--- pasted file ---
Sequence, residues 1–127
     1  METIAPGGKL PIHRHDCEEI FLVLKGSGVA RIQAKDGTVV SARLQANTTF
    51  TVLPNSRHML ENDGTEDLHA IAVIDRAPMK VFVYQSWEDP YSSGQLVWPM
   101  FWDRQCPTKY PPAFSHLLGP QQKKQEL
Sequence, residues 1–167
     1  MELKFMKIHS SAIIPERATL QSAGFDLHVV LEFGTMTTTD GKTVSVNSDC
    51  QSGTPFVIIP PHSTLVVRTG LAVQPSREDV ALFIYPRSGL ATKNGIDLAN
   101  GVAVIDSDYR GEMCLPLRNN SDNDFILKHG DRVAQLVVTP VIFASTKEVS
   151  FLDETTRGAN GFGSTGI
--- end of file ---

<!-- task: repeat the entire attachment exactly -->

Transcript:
Sequence, residues 1–127
     1  METIAPGGKL PIHRHDCEEI FLVLKGSGVA RIQAKDGTVV SARLQANTTF
    51  TVLPNSRHML ENDGTEDLHA IAVIDRAPMK VFVYQSWEDP YSSGQLVWPM
   101  FWDRQCPTKY PPAFSHLLGP QQKKQEL
Sequence, residues 1–167
     1  MELKFMKIHS SAIIPERATL QSAGFDLHVV LEFGTMTTTD GKTVSVNSDC
    51  QSGTPFVIIP PHSTLVVRTG LAVQPSREDV ALFIYPRSGL ATKNGIDLAN
   101  GVAVIDSDYR GEMCLPLRNN SDNDFILKHG DRVAQLVVTP VIFASTKEVS
   151  FLDETTRGAN GFGSTGI